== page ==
Team Muscle Milk won the American Le Mans Series race at the Circuit of the Americas in Austin, Texas last weekend. The Honda ARX-03c runs on E10 fuel. | Photo courtesy of Rizzo Motorsports Images
A Corvette running on E85 fuel won the GT class at Circuit of the Americas. | Photo courtesy of Rizzo Motorsports Images
Cars jockey for position during the American Le Mans Series race at the Circuit of the Americas. | Photo courtesy of Rizzo Motorsports Images
The American Le Mans Series race at the Circuit of the Americas is part of several Green Racing events. Green Racing fosters new technology development that reduces greenhouse gases and exhaust pollutants, while increasing fuel economy. | Photo courtesy of Rizzo Motorsports Images
The #62 Ferrari in action during the American Le Mans Series race at the Circuit of the Americas. | Photo courtesy of Rizzo Motorsports Images
Vehicle technologies tested and proven in the auto racing industry are making the cars we drive greener and safer. Racecars have used cellulosic ethanol — made from non-edible plants, algae, and other biomass material — since 2008. The alternative fuel was produced on a commercial scale for the first time in our nation’s history in July.
The next generation of high performance, eco-friendly racecar innovation was on display last weekend at a Green Racing event as part of the American Le Mans Series at the Circuit of the Americas in Austin, Texas. Green Racing fosters new technology development that reduces greenhouse gases and exhaust pollutants, and increases fuel economy.
The ALMS races challenge the world’s largest auto manufacturers to rapidly innovate in order to compete. In the end though, Klaus Graf and Luca Luhr of team Muscle Milk dominated the competition in their fuel-efficient Honda ARX-03c that runs on E10, which contains 10 percent ethanol. The team never lost the lead after the first lap.
In an interview with Green Racing, Graf said, “If you want to succeed in this series, you have to be able to not only go fast but be efficient with your resources and energy consumption. I think that’s really been key for us.”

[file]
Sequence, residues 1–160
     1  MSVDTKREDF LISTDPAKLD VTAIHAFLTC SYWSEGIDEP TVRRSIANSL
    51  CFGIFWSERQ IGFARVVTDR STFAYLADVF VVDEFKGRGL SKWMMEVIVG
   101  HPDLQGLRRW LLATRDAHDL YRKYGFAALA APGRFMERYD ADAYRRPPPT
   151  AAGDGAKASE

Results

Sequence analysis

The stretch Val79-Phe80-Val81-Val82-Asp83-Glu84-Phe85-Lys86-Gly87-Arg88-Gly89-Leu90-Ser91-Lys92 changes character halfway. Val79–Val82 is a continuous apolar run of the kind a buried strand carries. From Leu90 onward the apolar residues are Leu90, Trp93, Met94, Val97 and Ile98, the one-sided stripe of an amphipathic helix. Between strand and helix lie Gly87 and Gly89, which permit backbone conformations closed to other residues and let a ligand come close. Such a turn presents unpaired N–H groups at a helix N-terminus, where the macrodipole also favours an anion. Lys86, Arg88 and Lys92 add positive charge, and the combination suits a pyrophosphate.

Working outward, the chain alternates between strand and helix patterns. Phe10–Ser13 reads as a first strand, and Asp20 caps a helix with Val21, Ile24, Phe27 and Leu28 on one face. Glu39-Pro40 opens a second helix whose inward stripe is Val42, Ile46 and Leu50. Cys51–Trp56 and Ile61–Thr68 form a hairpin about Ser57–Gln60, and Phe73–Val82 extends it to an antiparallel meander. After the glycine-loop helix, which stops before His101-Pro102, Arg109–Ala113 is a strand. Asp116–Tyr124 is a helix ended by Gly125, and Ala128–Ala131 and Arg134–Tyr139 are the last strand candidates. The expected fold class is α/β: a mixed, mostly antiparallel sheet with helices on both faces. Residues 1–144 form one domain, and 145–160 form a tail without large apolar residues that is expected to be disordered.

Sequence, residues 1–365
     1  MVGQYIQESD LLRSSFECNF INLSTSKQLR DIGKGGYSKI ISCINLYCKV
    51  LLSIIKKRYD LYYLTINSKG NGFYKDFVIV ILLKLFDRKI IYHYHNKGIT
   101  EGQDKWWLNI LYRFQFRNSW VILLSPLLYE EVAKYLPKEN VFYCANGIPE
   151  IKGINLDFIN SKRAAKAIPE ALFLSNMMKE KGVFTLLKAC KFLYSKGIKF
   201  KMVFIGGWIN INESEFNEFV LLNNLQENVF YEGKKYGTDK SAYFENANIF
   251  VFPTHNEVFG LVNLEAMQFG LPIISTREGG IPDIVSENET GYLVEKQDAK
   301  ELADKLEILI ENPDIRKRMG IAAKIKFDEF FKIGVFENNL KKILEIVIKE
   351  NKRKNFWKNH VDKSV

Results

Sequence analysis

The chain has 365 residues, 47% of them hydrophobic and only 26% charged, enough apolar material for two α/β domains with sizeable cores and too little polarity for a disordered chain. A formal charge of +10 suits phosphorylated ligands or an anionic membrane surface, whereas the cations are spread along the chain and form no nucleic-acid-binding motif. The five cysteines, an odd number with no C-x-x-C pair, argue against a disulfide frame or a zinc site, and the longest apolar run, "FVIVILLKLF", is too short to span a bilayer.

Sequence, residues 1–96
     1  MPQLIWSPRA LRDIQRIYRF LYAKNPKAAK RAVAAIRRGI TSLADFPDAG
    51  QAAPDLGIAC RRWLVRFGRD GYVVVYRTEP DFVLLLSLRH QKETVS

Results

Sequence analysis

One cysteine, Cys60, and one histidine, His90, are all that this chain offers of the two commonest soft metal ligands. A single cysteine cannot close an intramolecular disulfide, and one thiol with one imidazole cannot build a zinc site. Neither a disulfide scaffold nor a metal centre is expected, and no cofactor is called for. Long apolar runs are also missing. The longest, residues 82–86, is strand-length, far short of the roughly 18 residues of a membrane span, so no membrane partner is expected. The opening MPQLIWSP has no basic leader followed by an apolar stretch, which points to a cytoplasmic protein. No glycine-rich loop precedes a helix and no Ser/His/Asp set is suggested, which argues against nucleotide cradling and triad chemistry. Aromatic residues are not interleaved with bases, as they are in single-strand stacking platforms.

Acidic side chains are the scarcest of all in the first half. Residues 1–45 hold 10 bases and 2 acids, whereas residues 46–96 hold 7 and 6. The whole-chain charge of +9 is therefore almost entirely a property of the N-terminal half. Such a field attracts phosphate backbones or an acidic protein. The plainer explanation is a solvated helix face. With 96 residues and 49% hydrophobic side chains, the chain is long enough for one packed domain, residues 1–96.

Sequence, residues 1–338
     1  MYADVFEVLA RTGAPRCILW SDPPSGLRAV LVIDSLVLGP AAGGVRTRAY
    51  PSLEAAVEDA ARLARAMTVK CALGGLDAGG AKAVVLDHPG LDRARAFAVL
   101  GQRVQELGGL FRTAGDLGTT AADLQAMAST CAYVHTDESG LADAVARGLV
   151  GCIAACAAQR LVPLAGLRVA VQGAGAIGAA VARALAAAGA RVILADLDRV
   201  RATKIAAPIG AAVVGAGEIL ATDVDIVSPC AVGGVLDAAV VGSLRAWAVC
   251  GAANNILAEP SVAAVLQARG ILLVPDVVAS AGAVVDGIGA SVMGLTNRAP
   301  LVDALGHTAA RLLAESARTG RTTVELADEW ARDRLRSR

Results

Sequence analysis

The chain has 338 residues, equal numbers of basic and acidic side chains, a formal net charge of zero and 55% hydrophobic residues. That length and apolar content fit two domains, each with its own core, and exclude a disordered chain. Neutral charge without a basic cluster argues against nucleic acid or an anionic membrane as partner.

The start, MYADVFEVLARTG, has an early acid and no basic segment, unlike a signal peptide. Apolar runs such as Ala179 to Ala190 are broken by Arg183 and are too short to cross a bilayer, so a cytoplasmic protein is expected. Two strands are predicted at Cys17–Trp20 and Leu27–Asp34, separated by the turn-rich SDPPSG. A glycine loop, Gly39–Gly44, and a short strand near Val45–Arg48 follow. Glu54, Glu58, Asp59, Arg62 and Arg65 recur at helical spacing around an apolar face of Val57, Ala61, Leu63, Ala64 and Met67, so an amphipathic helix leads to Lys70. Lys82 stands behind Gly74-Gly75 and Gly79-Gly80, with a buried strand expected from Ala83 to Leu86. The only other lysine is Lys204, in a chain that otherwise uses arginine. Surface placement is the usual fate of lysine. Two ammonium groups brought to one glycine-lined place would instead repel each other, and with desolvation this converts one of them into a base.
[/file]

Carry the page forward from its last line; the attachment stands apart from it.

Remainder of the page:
But a much bigger prize is still in play. At the end of the season, the Le Mans series will award the Green Racing Cup Championship Award to the Le Mans Prototype and Grand Touring class race teams with the fewest Green Racing points at the end of the season. All teams start the season with 250 points. At the end of each race (including the Circuit of the Americas’ event), teams with the fastest speeds, lowest energy use, lowest emissions, and best efficiency win the Michelin Green X Challenge award. The series then deducts the teams’ points from their total. When the season is over, the team with the fewest points wins the Green Racing Cup. The scoring is based on the Green Racing protocols, which the Energy Department, Environmental Protection Agency, and SAE International developed in 2006.
The Circuit of the Americas event came shortly after the Energy Department announced a new partnership with the National Association of Stock Car Auto Racing (NASCAR) to support new, clean energy technologies that benefit race teams and fans. These include electric vehicle charging stations, solid-oxide fuel cells, advanced biofuels and emerging natural gas technologies for NASCAR long-haul trucks. The partnership underscores the Department’s commitment to advancing vehicle technologies that make our nation more environmentally sustainable for future generations.
Check out the Vehicle Technologies Office website to learn more about what the Energy Department is doing to develop more energy efficient and environmentally friendly highway transportation technologies. Interested in how electric vehicles work? Watch our Energy 101 video.